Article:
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 Effecting Change at JPAC Advocacy Day 2018 
The Jewish Public Affairs Committee of California (JPAC) held its annual Advocacy Day in Sacramento on May 14-15, drawing around 150 Jewish community leaders representing over twenty organizations from across California, as well as a group of ten student leaders from six different California college campuses. This two-day event held each May is the culminating effort of months of research, coalition building and convening to bring concerned citizens from the Jewish community to Sacramento to meet with key legislators on issues that impact our State. 
JPAC kicked off the event Monday night by honoring Senator Ben Allen at our Legislators Reception with the Jerry Sampson Award given every year to the Legislator of the Year. Senator Allen spoke about the importance of advocacy for the Jewish community and lauded the work that JPAC is doing to advance social justice in California.  We then held a sit-down dinner with members of the California Legislative Jewish Caucus and the Consul General of Israel from San Francisco. 
On Tuesday morning, after everyone gathered in the Citizen Hotel in downtown Sacramento, attendees heard from a dynamic panel of speakers to discuss "California post-Jerry Brown" that included public affairs experts Rob Stutzman and Cassandra Pye, and journalists Marisa Lagos (KQED) and Amy Chance (The Sacramento Bee), as well as the Los Angeles County Recorder/Registrar Dean Logan. The esteemed panel discussed the upcoming election and what it will mean for California, how we are maximizing voter registration, and how the election will all impact the issues that we care about, such as healthcare, education, housing, gun control, and immigration.
Senator Holly Mitchell (SD-30) spoke next, and asked us about what kind of California we want to live in- to help those less fortunate or to ignore the overwhelming number of people living in poverty today.  We lobbied for her bill, SB 982, which addresses CalWORKS funding. Our keynote speaker was Assembly Member Laura Friedman (AD-43), who spoke passionately about the work she is doing as Chair of the Assembly Rules Committee on Sexual Harassment.
Advocates then broke out into small groups and fanned out across the Capitol to meet with over 70 legislators to advocate for three items: 1. A package of bills that address poverty and homelessness by increasing State funding to help impoverished families, seniors and other individuals meet their most basic needs; 2. A budget proposal to provide badly needed support for elderly Holocaust Survivors who are struggling to live out their days in dignity; and, 3. A budget proposal for a new program to make California a national leader in combating hate, safeguarding free speech, and promoting inclusive climates on its university campuses.  Read below to learn about the status of these issues and what JPAC accomplished this year.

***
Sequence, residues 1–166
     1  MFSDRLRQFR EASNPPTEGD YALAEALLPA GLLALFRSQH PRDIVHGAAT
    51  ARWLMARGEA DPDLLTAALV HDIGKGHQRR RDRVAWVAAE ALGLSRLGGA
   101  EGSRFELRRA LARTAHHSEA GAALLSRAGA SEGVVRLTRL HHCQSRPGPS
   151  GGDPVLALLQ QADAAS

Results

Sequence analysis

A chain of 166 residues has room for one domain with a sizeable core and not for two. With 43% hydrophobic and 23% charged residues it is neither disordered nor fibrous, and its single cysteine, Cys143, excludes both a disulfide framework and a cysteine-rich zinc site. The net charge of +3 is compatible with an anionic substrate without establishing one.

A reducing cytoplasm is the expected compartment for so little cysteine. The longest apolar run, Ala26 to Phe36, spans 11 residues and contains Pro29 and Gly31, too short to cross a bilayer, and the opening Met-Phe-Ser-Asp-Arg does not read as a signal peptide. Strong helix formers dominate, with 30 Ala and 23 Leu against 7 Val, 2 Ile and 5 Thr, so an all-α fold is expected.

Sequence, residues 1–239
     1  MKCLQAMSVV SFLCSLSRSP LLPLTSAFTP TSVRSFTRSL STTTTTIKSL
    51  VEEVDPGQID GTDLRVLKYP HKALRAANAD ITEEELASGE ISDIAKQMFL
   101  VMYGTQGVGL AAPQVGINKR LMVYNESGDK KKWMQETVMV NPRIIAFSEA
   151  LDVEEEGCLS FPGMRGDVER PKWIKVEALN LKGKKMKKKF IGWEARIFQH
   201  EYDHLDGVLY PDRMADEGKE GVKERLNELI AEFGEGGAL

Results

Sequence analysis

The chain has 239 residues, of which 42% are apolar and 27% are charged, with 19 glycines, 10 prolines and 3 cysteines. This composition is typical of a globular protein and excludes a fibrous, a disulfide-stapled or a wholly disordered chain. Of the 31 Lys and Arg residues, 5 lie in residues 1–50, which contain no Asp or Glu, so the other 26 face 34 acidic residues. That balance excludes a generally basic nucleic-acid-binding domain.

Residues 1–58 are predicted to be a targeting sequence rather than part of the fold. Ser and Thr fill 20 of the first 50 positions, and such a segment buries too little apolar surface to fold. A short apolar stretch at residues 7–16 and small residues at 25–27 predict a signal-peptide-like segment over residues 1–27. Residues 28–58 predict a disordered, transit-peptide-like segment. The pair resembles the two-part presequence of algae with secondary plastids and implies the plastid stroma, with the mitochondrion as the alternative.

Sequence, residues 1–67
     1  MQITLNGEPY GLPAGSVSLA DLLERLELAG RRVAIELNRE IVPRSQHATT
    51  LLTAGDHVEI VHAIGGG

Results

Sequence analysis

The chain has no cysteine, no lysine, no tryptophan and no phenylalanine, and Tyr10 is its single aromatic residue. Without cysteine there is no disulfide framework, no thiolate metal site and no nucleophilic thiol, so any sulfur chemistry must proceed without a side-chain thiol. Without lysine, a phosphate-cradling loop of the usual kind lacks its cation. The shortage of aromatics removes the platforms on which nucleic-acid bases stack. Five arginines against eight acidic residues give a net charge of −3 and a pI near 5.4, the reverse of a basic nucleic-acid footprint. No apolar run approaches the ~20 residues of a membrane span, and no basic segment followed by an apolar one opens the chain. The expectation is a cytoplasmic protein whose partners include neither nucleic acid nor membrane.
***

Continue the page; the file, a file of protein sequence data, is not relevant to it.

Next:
JPAC Advocacy Day is an annual mission to Sacramento that brings together lay leaders and staff of Jewish organizations all over California.   It is an opportunity to come together in our State's Capitol to strengthen our relationships, debate public policy, and represent the greater Jewish community statewide to our legislators.    

Assemblymember Laura Friedman was a keynote speaker
Senator Holly J. Mitchell spoke to JPAC about poverty and her bill SB 982

Assemblymember Chris Holden  meeting with JPAC advocates 
Delegation from Los Angeles Jewish Federation
Legislative Update
Los Angeles area attendees meet with Asm. Jose Medina

JPAC advocates met with over 70 state senators and assembly members and their staff at the State Capitol to advocate for "yes" votes on these issues:   
Poverty Bills Package: 
AB 3171 (Ting): Homeless Persons Services Block Grant:  This bill creates the Local Homelessness Solutions Program, which will provide matching funds to cities with programs to combat homelessness. These funds must be matched by the recipient city and may be spent on a range of homelessness activities, including shelter diversion, rapid re-housing, rental assistance, emergency shelter, navigation centers, bridge housing, and permanent supportive housing. The bill will seek up to $1.5 billion in one-time state funding for the program.